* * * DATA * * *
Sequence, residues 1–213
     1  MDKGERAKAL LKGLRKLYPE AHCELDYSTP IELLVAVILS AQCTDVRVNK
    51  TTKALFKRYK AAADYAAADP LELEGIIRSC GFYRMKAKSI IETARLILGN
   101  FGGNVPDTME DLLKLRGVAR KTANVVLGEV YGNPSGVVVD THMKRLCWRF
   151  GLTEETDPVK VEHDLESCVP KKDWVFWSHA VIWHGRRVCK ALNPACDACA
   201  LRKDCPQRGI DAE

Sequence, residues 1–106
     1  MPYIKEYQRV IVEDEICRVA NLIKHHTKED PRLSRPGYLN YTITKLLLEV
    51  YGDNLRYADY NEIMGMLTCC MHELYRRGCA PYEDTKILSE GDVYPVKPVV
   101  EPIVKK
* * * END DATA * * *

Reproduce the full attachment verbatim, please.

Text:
Sequence, residues 1–213
     1  MDKGERAKAL LKGLRKLYPE AHCELDYSTP IELLVAVILS AQCTDVRVNK
    51  TTKALFKRYK AAADYAAADP LELEGIIRSC GFYRMKAKSI IETARLILGN
   101  FGGNVPDTME DLLKLRGVAR KTANVVLGEV YGNPSGVVVD THMKRLCWRF
   151  GLTEETDPVK VEHDLESCVP KKDWVFWSHA VIWHGRRVCK ALNPACDACA
   201  LRKDCPQRGI DAE

Sequence, residues 1–106
     1  MPYIKEYQRV IVEDEICRVA NLIKHHTKED PRLSRPGYLN YTITKLLLEV
    51  YGDNLRYADY NEIMGMLTCC MHELYRRGCA PYEDTKILSE GDVYPVKPVV
   101  EPIVKK